Home / General / Erik Visits an American Grave, Part 1,389

Erik Visits an American Grave, Part 1,389


This is the grave of Major Ridge.

Born in 1771, somewhere around Hiwassee, Tennessee, Ridge grew up in the Cherokee elite in a period of great change. His father was full-blooded Cherokee, his mother part Scottish, which had become very common by this time. He became a major warrior, fighting the Americans in the genocidal wars after the American Revolution and gained a lot of respect in the tribe over these years, though there were also violent factions within the tribe that led to a lot of killing and Ridge was quite involved in them. He married a part-Scottish, part-Cherokee woman, they had a son with the English name of John and they wanted to get him educated in the American fashion, so they sent him to Connecticut.

Such things were not uncommon in the Cherokee elite. Of all the major tribes, probably none had done as much to follow English-American guidelines about maintaining their lands than the Cherokee. They always had forms of slavery, but they adopted chattel slavery and created cotton plantations with African slaves in order to emulate the South. They reduced raiding and moved to farming. Many converted to Christianity, learned English, and received American educations. None of this mattered of course. The idea from whites that the tribes could hold onto their lands by becoming “civilized” was all bullshit. They simply assumed the tribes could never do those things and so they could take their land at will. Even when the tribes did try to do this, it just didn’t matter.

This was the world Major Ridge, as he was known in English after he fought with Andrew Jackson against the Creeks in 1814, lived in. He bought African slaves, built an American-style plantation house, etc. He himself could not read or write, but again, he made sure the younger generation could. When Tecumseh came to visit the Cherokee and covert them to his pan-Indian cause of rejecting white society entirely, Ridge threatened to kill him. His eggs were in one basket and would stay there.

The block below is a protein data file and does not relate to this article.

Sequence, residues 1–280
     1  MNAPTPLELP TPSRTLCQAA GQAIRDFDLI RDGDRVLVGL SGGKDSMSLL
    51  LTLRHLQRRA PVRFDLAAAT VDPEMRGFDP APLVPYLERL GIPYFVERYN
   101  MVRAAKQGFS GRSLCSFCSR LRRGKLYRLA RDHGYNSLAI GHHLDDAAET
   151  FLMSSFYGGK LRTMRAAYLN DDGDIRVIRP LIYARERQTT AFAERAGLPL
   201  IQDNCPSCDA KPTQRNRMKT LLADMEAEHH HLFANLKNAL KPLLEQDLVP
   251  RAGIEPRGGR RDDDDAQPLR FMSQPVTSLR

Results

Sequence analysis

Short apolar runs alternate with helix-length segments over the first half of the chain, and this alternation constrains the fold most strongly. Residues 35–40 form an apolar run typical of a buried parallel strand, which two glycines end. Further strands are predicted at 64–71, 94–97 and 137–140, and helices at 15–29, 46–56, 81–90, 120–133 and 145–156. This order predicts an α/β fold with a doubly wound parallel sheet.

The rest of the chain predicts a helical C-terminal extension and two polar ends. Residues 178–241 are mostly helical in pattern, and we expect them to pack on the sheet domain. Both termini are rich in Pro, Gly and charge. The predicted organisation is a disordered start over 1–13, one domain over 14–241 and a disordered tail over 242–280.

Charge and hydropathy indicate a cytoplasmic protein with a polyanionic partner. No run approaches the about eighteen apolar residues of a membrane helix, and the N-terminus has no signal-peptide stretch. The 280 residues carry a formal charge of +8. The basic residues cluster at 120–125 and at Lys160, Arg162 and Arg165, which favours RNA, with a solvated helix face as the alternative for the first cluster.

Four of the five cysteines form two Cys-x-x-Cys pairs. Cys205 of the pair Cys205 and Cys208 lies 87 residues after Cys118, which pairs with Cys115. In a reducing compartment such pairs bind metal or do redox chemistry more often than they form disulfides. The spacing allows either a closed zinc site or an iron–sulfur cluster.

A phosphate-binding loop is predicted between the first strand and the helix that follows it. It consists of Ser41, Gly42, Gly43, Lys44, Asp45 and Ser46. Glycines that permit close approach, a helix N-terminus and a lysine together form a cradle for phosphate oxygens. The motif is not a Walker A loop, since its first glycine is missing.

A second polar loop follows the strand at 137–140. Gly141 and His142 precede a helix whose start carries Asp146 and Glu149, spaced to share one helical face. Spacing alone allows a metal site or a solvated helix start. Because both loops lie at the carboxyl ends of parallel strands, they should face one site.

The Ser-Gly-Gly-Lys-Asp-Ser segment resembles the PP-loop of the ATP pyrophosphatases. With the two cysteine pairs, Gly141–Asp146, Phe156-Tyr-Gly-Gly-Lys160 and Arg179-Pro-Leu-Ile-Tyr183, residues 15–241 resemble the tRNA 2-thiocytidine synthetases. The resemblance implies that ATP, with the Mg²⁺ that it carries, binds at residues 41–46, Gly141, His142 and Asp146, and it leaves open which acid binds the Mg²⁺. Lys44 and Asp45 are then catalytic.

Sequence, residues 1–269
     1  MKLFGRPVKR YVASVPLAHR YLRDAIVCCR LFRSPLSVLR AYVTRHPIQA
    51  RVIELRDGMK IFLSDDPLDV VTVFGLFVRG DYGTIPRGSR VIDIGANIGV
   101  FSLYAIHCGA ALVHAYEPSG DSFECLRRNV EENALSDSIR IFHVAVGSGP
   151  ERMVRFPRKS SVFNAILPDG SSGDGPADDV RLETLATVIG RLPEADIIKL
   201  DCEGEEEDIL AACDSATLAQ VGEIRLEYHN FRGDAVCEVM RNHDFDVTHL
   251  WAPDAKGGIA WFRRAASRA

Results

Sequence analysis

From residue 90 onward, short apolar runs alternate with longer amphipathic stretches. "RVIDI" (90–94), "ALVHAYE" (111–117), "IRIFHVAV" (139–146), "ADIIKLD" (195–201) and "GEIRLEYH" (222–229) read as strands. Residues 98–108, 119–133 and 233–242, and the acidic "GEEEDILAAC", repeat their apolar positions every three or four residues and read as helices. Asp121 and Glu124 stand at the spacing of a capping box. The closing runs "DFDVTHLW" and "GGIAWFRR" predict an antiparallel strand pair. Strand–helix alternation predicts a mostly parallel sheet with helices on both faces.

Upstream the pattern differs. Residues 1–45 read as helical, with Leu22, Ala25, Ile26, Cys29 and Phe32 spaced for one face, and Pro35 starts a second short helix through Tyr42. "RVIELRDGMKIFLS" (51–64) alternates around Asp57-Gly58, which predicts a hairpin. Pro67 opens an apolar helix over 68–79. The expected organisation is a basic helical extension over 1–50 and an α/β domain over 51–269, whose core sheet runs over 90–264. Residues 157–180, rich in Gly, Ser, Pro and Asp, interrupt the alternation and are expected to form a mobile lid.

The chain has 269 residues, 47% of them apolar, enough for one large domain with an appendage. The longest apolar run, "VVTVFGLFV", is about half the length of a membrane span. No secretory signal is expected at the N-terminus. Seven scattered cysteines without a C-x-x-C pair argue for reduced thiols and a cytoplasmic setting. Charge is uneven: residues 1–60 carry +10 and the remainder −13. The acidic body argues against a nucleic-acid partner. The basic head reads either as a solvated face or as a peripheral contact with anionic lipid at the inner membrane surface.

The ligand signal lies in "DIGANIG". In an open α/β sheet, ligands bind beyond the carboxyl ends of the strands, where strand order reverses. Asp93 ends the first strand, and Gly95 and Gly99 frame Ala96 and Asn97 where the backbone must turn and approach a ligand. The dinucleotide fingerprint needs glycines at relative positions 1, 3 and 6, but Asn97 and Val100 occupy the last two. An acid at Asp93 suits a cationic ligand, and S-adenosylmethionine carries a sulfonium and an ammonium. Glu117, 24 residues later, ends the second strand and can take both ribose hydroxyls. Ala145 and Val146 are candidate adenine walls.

But it didn’t work. Ridge finally became convinced that there was no hope of living with whites. He was basically right about this of course but the question within the Cherokee was whether it made more sense to move somewhere else or stay and fight it out. At least you would die on your lands with your ancestors. Ridge did not agree. He and his son John became the leaders of the pro-Removal faction, taking the government’s offer of lands in Indian Territory as the best opportunity they had. I can’t exactly blame them for this, but I certainly can’t blame the other side who wanted to stay and fight either. It was just a terrible, horrible, no good situation for the Cherokee. And it tore the tribe apart.

So in 1835, Ridge signed the Treaty of New Echota, which against the will of the majority of the Cherokee, signed over their lands and forced them to move west. This was no democracy, that’s for sure. Ridge was also looking out for his own interests, which allowed him to move slaves with him and rebuild his plantation. Ridge moved in 1837, the rest of the Cherokee except those who fled high into the North Carolina mountains, were forcibly removed in 1838. Ridge actually chose land away from the rest of the Cherokee, knowing that they would try and kill him. And that’s exactly what they did. Shortly after Removal, in 1839, the faction under the resistance leader John Ross, had their revenge on the leaders of the Removal faction, killing John and Major Ridge, as well as Eilas Boudinot. Major Ridge was shot in an ambush while riding along a road on his horse. He was approximately 67 years old.

Major Ridge is buried in Polson Cemetery, Delaware County, Oklahoma.

If you would like this series to visit other prominent Native leaders of the 19th century, you can donate to cover the required expenses here. Red Cloud is in Pine Ridge, South Dakota and Chief Joseph is in Nespelem, Washington. Previous posts in this series are archived here and here.

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